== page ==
“You’re preaching in a few weeks, right?”
Standing in a parking lot on the edge of campus, I stared blankly at my co-worker, who had just asked what he assumed to be an innocuous question. Did he just say preaching? What in the world?
I knew what he was referring to. The pastor of the church that this co-worker and I attend had announced days earlier that he and I would be sharing the message portion of an upcoming service, as we discussed introverts and evangelism. This fact was not news to me; I had been preparing my portion for weeks already.
The fact that someone would consider it preaching was news to me.
I stammered out a deflecting, “Uh, well, I guess so.” He just looked at me, for some reason not satisfied with that response. “You guess so?” He obviously didn’t understand my uncertainty. In his mind, this event was happening.
In my mind it was too. It just wasn’t preaching.
I couldn’t tell him that the first thought that darted through my mind, too quick for me to stop, was I’m a girl. Girls don’t preach. Girls can’t preach. All of my conservative childhood teaching that women couldn’t be pastors rose to the surface before I could squash it down, and I was terrified like a little girl that someone would hear that this man thought I would be preaching. The ridiculousness of that!
A split second later, I felt crushed. Why was this still inside me? Why did I still limit myself and my gender, limit God, and invalidate the gifts he gives? Why can’t I get past this?
Later that day, I had the chance to have lunch with some amazing women of faith. The guest of honor was an eshet chayil named Rachel Held Evans (yeah, I’m name-dropping again), but the table was peopled with teachers, ministers, mothers. We had an honest and open dialogue about being strong women of faith and thought in a faith culture still stuck in the past. We talked about how it can be hard to be strong, how it can be perceived as bitchy (pardon my French), and how we fear becoming “the token females,” because it’s not a compliment; it’s condescension.
That conversation, plus Evan’s book A Year of Biblical Womanhood and other voices that have spoken out about this tension, have caused my own perspective to change and morph. Very few things about faith to me are crystal clear. But I do know a few things.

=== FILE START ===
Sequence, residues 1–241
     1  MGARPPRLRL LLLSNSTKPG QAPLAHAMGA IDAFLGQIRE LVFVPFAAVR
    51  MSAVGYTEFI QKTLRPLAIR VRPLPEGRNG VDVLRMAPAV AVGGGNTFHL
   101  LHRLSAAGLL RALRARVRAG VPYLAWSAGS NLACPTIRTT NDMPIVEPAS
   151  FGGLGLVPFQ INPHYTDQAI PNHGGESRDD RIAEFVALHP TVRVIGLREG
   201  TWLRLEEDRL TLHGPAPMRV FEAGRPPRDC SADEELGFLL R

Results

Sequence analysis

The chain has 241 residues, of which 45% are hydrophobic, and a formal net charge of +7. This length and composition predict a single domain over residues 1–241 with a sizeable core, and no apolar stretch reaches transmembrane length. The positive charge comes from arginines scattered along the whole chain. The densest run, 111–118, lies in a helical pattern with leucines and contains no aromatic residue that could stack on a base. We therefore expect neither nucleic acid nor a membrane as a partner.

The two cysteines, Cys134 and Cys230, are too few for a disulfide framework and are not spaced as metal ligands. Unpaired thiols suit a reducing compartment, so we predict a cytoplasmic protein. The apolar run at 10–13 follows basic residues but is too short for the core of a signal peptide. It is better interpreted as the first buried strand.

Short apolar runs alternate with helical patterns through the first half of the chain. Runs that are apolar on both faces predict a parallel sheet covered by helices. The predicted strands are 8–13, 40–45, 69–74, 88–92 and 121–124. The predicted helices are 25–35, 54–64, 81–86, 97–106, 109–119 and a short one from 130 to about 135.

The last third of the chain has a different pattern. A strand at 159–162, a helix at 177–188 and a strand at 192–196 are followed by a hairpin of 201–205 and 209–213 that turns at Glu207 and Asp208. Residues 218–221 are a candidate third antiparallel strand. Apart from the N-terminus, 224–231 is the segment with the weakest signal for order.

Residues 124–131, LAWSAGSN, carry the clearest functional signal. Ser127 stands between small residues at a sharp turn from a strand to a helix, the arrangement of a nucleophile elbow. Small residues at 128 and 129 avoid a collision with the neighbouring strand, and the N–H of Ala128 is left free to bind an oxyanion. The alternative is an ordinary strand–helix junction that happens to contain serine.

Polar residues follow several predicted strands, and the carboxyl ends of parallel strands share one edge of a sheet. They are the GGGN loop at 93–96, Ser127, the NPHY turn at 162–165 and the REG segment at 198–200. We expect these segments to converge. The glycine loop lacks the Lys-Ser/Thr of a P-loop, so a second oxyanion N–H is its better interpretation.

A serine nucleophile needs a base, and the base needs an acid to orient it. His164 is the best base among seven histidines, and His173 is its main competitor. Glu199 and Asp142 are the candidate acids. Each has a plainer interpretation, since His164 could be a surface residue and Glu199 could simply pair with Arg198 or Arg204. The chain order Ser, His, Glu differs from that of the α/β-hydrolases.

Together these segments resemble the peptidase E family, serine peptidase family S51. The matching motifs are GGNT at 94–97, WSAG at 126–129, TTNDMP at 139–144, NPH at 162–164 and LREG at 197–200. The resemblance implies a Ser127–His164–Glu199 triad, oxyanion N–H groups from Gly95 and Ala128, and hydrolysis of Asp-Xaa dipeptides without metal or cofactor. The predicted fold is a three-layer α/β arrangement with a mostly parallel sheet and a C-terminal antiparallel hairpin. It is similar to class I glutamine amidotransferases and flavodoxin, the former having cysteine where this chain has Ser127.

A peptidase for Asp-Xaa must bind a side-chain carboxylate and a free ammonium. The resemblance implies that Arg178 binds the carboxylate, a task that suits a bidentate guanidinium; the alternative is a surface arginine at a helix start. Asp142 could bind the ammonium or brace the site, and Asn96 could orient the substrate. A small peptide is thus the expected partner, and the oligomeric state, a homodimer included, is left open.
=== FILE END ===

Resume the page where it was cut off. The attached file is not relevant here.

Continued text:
For one, I would like people of faith to recognize God’s feminine qualities and not be afraid of thinking of God as nurturing and motherly. In fact, I just want us to stop being scared, as if somehow opening up the conversation about inviting women to rise into positions of leadership undermines all of Christianity and the structure that has been put into place.
To that I say a few things. One, we’ve already shaken up the kingdom. None of us are “God’s chosen people,” unless you’re actually Jewish, which is awesome. Most of us are Gentiles, which means we’ve already undermined the system.
Second, the system doesn’t usually work so well. In the past, our religious systems have been machines of war, murder, abuse, shame, and suppression. Unfortunately, in many ways, they still are. Let’s not pretend they’re perfect as they are.
And third, implied in the others, Christianity has evolved. I know that’s a scary word too, but we’ve changed. Women in my faith tradition are not required to cover their heads to pray. Why should I assume that other things can’t change as well, like women taking an active role in church leadership?
I’m not looking for a fight on this. I know there are biblical reasonings for women taking a lower role in the church. But I think that limits what the church could be. Women can be missionaries and Sunday school teachers, but not preachers. How can we make these distinctions? What gives us the right?
Two days ago, I spoke in church. I don’t consider what I did “preaching,” but not because I don’t feel that women can preach. To me, preaching is exegesis, taking a passage and explicating it; I just simply shared some stories from my experiences, however limited they were.
Even so, a man came up to me after the service. He said some kind words about what I had shared, and then said, “You obviously have a gift of preaching.” This man should know; he’s married to an excellent preacher.
This time, I didn’t shy away from that word. Because it is in fact a word, and one that has been absent for far too long in conjunction with my gender. I want to claim it, not because I believe all women have the gift of preaching; not even most women, or maybe it’s just a few. I just want to open up the idea that God could give a woman the gift of preaching, even of pastoral ministry. We believe in a God that can basically do whatever he wants, right? He’s limitless? Then why do we put limits on him and tell him what gifts he can parcel out, based on gender?
I know some of my more conservative family members may be horrified by this. I don’t mind if any of you start praying for my soul, because frankly, I’ll take any prayers I can get. This issue is complex, and I’m not pretending to give a biblical defense. I’m just saying what I feel in my heart, based on what I know about God, his people, and his church.
For me, this issue revolves around the following: does an individual, male or female, have the inspired word of God flowing from their mouths? Does godly wisdom flow out of them? Do they receive insights from the written Word and from the Living Word? Do they tell me what I need to hear when I need to hear it?
That’s enough for me, enough to quiet that scared little girl in my brain.
So, ladies, preach.